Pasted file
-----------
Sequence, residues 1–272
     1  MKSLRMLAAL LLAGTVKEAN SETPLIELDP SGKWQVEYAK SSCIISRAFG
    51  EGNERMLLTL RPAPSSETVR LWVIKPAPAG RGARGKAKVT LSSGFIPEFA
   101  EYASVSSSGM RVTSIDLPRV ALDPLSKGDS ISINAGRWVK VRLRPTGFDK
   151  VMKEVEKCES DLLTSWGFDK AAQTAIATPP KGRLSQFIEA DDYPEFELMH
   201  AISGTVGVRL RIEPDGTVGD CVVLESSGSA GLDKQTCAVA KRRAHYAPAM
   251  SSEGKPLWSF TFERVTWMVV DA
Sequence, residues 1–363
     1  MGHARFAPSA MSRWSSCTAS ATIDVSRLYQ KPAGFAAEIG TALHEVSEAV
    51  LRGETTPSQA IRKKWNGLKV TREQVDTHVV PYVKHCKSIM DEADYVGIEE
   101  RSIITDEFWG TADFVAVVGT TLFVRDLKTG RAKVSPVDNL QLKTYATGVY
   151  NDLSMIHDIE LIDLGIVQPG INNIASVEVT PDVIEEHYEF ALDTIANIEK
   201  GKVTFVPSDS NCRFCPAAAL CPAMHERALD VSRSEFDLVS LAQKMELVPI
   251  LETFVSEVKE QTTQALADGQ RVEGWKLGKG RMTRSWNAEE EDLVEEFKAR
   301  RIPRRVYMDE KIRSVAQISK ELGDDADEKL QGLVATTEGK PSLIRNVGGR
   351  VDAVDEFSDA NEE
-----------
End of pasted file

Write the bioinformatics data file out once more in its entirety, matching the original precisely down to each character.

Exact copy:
Sequence, residues 1–272
     1  MKSLRMLAAL LLAGTVKEAN SETPLIELDP SGKWQVEYAK SSCIISRAFG
    51  EGNERMLLTL RPAPSSETVR LWVIKPAPAG RGARGKAKVT LSSGFIPEFA
   101  EYASVSSSGM RVTSIDLPRV ALDPLSKGDS ISINAGRWVK VRLRPTGFDK
   151  VMKEVEKCES DLLTSWGFDK AAQTAIATPP KGRLSQFIEA DDYPEFELMH
   201  AISGTVGVRL RIEPDGTVGD CVVLESSGSA GLDKQTCAVA KRRAHYAPAM
   251  SSEGKPLWSF TFERVTWMVV DA
Sequence, residues 1–363
     1  MGHARFAPSA MSRWSSCTAS ATIDVSRLYQ KPAGFAAEIG TALHEVSEAV
    51  LRGETTPSQA IRKKWNGLKV TREQVDTHVV PYVKHCKSIM DEADYVGIEE
   101  RSIITDEFWG TADFVAVVGT TLFVRDLKTG RAKVSPVDNL QLKTYATGVY
   151  NDLSMIHDIE LIDLGIVQPG INNIASVEVT PDVIEEHYEF ALDTIANIEK
   201  GKVTFVPSDS NCRFCPAAAL CPAMHERALD VSRSEFDLVS LAQKMELVPI
   251  LETFVSEVKE QTTQALADGQ RVEGWKLGKG RMTRSWNAEE EDLVEEFKAR
   301  RIPRRVYMDE KIRSVAQISK ELGDDADEKL QGLVATTEGK PSLIRNVGGR
   351  VDAVDEFSDA NEE